Loan concession target. These plans will forgive most or all of the debt for borrowers with certain incomes, and supporters of targeted assistance often prefer income-driven repayment (IDR) plans. An IDR allows borrowers to pay down an amount proportional to their income and pay off the remaining balance after ten years, assuming they make all qualifying payments. While supporters say targeting the lowest-income borrowers is the fairest approach, critics say it won’t prevent universities from raising tuition and other fees.

Systematic reform. The Aspen Institute’s 2020 report proposed systemic reforms such as capping tuition at public colleges, increasing aid to low-income students, encouraging employer tuition assistance, and limiting the distribution of federal loan funds to institutions with a history of cost of graduate work and other poor results for students. Some politicians have proposed reforms to treat student loans like other consumer loans, meaning they would be discharged in bankruptcy court. Experts and other lawmakers say more state funding is needed to make public colleges and universities free.

Some analysts say the perception that college is the only path to a well-paying job increases demand and hurts students who might be better served by other forms of education. In recent years, politicians from both parties, including former President Trump, have advocated increasing access to career and technical education (also known as vocational education) as an alternative to college. Indeed, enrollment in trade programs has increased since 2020, even enrollment in two- and four-year public institutions has not recovered from the pandemic.

What is Biden proposing?

In 2022, Biden issued a landmark order to donate up to $20,000 for Pell Grant recipients and up to $10,000 for Pell Grant recipients who earn less than $125,000 a year. The program is expected to help nearly forty million borrowers, nearly half of whom will have their loans forgiven. In total, the program will cancel nearly a third of the federal government’s student loan debt, totaling $441 billion. Meanwhile, the Congressional Budget Office [PDF] estimates that spending will total more than $400 billion over the next three decades. The spending has drawn fierce opposition from critics who see it as inflation for taxpayers. In June 2023, the Supreme Court struck down the plan in a 6-3 vote, saying the president had no legal authority to cancel student loan debt.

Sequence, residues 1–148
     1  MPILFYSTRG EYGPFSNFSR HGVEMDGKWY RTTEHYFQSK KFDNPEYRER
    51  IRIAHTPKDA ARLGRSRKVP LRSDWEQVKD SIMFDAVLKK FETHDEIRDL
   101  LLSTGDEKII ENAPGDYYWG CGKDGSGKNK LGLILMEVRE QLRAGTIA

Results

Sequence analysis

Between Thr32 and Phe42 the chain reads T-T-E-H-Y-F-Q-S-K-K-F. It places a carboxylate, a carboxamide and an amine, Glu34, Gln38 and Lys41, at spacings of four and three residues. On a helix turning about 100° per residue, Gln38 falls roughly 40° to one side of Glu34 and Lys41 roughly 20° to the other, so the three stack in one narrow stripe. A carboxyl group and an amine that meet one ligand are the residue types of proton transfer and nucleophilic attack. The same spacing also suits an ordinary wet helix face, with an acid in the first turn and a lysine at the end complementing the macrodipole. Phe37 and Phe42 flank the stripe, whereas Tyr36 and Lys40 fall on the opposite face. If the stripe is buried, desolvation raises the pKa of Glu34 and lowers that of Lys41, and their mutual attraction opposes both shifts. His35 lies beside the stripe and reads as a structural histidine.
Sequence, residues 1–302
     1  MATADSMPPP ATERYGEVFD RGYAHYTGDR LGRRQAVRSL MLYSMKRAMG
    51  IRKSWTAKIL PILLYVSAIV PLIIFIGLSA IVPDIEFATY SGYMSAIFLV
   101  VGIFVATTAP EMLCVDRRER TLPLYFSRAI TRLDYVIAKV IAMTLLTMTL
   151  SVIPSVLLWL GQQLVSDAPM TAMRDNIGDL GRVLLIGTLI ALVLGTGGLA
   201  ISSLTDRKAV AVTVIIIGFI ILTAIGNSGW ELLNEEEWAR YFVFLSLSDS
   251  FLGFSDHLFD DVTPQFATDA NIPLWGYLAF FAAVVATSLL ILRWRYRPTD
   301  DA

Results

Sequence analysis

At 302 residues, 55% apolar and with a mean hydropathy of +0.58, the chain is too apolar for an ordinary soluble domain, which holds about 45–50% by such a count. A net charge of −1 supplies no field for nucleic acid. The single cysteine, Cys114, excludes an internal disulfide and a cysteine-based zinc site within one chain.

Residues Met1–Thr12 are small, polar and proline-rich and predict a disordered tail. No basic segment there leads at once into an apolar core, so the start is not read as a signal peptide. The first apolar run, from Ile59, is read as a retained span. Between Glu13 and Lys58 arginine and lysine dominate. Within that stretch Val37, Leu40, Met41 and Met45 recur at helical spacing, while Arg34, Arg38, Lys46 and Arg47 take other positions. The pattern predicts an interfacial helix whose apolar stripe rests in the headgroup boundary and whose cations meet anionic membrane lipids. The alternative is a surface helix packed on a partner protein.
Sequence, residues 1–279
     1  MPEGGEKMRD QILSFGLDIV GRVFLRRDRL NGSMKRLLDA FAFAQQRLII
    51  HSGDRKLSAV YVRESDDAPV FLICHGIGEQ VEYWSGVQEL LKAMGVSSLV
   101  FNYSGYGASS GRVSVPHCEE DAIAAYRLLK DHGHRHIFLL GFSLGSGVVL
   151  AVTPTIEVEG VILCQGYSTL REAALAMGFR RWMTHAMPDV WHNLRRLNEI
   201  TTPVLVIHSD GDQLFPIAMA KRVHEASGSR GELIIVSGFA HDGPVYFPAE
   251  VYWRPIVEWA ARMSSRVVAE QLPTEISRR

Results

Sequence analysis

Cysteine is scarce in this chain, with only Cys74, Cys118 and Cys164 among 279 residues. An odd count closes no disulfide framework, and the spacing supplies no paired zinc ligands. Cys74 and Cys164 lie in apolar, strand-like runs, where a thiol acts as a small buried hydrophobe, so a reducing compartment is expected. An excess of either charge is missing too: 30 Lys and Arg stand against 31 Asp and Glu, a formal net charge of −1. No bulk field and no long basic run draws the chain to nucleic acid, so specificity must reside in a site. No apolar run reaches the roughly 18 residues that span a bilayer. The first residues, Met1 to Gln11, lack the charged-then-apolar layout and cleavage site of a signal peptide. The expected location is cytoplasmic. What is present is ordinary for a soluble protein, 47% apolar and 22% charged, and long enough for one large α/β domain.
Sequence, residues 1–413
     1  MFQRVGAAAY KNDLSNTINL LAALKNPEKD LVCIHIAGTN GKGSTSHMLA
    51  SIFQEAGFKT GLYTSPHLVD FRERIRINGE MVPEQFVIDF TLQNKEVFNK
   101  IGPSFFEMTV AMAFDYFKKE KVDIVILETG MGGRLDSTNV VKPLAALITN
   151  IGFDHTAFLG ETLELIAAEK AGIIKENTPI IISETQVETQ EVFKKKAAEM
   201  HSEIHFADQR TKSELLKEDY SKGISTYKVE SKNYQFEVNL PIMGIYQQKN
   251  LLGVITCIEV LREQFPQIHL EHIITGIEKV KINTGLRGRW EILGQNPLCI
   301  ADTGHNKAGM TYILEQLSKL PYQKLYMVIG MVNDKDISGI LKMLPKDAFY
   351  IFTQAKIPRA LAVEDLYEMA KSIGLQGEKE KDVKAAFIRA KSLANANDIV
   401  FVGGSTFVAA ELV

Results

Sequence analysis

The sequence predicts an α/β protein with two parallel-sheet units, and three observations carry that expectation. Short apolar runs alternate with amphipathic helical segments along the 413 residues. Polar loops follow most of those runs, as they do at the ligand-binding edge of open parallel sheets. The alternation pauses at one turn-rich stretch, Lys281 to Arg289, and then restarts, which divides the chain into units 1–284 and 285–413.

In response, Biden proposed an ambitious new plan to reduce US student loan debt. In the plan, called Savings Plan, borrowers with bachelor’s loans will see their monthly payments cut in half, and the loan balance will be forgiven after ten or twenty years of payment, depending on their income level. White estimated the plan would allow borrowers to pay $0.71 for every dollar borrowed, but some analysts expect the cost to be lower. Estimated program costs vary, but some places are higher than the first loan forgiveness plan.

Opponents worry about the cost of the savings plan, but experts say it’s more legitimate than previous debt forgiveness plans. Critics say the new plan still burdens taxpayers and does little to curb rapidly rising tuition. While some progressive lawmakers applauded the plan, they said it was not radical enough to tackle the growing credit crisis. At the same time, many analysts say that any plan aimed at ending credit relief broadly could face legal challenges regardless of the law.

For other professionals, student loan forgiveness cannot solve systemic problems. CFR’s Roger W. Ferguson Jr. he wrote that such programs “miss the basic weaknesses of higher education: unacceptably low attainment, dependence on college loans, and high and fast rising costs”.

However, proponents say that IDRs like SAVE are the best option for reducing student debt. They argue that the Biden administration should focus on reducing administrative barriers to enrolling in the program. A 2022 investigation by the Government Accountability Office found that thousands of borrowers eligible for forgiveness under existing IDRs are still paying off their loans and that the Department of Education “does not do enough to ensure that all borrowers are eligible for forgiveness.”

Recommended Resources

CFR’s Roger W. Ferguson Jr. writes that debate over student debt relief should shine a light on low completion rates of higher education.